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By Francoise Jacob, UNOPS Director and Representative of Sri Lanka, Bangladesh and Maldives and Stefan Kohler, UNOPS Principal Engineer
Are we creating the perfect conditions for a dramatic disaster to happen?
Torrential rainfall, extreme flooding and massive landslides have claimed more than 200 lives in Sri Lanka over the past few days. Property and livelihoods were destroyed or damaged, with devastating consequences for more than half a million people. Cyclone Mora formed while leaving the shores of the island.
A few days later, thousands of kilometers to the north in Bangladesh, a million people found themselves in Mora’s path. With high winds and heavy rain the cyclone destroyed hundreds of homes, particularly those of the most vulnerable. However, only a few lives have been lost as Bangladesh successfully put in place strong preparedness mechanisms.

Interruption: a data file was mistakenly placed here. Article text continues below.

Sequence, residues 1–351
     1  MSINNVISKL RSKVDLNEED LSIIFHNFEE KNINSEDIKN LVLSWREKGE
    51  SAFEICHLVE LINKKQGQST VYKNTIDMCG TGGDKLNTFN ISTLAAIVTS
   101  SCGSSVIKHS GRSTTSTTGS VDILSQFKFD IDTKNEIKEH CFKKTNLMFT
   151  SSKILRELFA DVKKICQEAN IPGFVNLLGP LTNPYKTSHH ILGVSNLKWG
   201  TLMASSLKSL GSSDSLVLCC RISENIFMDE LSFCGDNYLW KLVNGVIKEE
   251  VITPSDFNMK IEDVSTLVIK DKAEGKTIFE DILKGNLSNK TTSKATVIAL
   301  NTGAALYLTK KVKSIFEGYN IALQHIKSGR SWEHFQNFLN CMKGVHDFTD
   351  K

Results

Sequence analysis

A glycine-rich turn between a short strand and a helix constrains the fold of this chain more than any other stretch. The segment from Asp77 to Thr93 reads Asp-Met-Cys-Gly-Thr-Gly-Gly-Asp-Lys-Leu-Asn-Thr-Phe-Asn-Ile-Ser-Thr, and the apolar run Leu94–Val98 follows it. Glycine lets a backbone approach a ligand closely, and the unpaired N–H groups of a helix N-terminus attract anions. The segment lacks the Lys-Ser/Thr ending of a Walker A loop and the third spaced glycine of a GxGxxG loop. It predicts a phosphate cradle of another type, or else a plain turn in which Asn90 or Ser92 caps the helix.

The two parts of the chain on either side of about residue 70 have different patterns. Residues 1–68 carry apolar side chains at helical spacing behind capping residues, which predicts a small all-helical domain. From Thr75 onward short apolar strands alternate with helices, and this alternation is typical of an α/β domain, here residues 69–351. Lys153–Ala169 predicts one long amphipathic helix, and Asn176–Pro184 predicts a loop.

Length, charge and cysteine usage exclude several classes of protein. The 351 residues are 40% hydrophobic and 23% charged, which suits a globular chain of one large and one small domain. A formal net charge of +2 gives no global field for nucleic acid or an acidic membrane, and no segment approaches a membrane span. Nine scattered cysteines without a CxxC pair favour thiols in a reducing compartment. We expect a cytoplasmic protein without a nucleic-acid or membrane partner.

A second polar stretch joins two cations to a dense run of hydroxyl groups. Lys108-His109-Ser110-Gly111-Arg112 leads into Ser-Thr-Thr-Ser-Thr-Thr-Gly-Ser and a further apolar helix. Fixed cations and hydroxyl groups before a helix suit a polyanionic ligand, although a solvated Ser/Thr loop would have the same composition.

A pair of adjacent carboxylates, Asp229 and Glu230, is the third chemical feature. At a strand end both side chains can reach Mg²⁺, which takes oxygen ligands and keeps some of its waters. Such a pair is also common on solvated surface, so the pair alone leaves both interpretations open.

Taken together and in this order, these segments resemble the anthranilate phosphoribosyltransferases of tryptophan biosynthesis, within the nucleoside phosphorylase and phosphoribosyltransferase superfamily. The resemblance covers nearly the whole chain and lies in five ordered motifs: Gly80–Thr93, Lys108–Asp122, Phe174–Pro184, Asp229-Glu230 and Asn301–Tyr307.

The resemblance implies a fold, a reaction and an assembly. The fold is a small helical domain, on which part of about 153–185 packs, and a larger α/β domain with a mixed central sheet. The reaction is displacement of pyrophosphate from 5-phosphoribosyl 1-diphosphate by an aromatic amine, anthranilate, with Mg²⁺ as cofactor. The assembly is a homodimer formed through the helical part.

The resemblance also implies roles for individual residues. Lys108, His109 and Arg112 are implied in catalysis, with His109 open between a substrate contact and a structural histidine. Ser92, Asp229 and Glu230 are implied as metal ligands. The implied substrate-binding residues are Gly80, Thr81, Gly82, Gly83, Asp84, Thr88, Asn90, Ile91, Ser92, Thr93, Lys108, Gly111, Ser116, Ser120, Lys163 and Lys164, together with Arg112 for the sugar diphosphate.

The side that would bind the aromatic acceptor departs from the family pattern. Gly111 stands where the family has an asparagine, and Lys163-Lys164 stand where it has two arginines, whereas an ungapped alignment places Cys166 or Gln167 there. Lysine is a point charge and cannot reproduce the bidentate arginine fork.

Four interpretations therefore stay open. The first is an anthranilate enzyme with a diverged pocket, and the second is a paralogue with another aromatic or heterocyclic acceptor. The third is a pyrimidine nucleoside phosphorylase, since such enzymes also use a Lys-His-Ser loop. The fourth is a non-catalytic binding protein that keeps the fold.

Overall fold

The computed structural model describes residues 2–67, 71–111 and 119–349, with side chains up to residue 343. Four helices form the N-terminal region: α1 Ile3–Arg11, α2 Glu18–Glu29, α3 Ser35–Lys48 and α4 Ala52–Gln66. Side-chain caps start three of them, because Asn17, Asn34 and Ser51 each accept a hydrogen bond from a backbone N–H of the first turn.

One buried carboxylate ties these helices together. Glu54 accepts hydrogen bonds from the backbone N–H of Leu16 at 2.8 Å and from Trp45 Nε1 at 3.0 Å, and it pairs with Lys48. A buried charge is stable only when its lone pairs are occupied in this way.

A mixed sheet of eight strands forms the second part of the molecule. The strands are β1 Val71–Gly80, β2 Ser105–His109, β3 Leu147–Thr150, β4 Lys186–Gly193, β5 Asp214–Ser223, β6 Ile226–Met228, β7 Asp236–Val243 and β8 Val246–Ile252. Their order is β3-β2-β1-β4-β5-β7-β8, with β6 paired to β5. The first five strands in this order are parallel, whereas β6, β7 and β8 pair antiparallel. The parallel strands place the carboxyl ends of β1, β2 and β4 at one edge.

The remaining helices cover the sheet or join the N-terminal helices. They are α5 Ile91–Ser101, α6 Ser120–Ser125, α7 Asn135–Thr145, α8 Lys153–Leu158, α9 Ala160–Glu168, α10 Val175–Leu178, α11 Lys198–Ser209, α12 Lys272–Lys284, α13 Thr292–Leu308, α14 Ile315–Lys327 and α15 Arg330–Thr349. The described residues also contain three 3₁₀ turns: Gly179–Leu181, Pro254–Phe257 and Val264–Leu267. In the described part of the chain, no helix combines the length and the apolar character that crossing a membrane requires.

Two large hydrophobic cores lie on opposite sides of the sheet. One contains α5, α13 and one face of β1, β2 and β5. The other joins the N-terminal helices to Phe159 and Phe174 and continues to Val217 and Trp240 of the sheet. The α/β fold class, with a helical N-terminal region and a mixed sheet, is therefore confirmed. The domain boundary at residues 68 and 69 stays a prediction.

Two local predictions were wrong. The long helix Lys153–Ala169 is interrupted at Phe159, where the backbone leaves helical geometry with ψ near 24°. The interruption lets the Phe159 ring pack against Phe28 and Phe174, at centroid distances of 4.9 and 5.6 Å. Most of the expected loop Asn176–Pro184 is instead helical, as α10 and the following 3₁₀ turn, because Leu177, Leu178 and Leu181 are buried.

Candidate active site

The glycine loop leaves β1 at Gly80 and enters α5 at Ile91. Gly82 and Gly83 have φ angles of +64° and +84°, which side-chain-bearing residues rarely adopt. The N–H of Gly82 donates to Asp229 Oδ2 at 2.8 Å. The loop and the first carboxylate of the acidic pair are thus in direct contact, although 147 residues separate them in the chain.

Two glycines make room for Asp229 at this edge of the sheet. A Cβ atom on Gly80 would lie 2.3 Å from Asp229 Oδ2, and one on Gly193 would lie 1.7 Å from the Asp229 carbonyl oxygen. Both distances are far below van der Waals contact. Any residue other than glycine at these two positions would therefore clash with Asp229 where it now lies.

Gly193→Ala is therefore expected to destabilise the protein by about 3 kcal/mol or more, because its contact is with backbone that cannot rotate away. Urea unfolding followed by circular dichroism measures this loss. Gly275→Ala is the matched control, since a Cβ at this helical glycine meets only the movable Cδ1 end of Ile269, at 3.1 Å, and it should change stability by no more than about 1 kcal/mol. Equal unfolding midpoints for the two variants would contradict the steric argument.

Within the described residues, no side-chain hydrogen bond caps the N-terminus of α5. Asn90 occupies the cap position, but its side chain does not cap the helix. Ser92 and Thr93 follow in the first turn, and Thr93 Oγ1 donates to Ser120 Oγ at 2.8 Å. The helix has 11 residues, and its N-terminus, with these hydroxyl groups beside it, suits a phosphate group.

In both countries, authorities rushed to provide emergency services, through their national networks, and often with foreign assistance. People died while trying to rescue others. Besides the lives lost and the high cost of the response, the consequences of such disasters are far-reaching. There are significant impacts on economic production, the social and mental welfare of people, the integrity of the environment and of the ecological services it provides.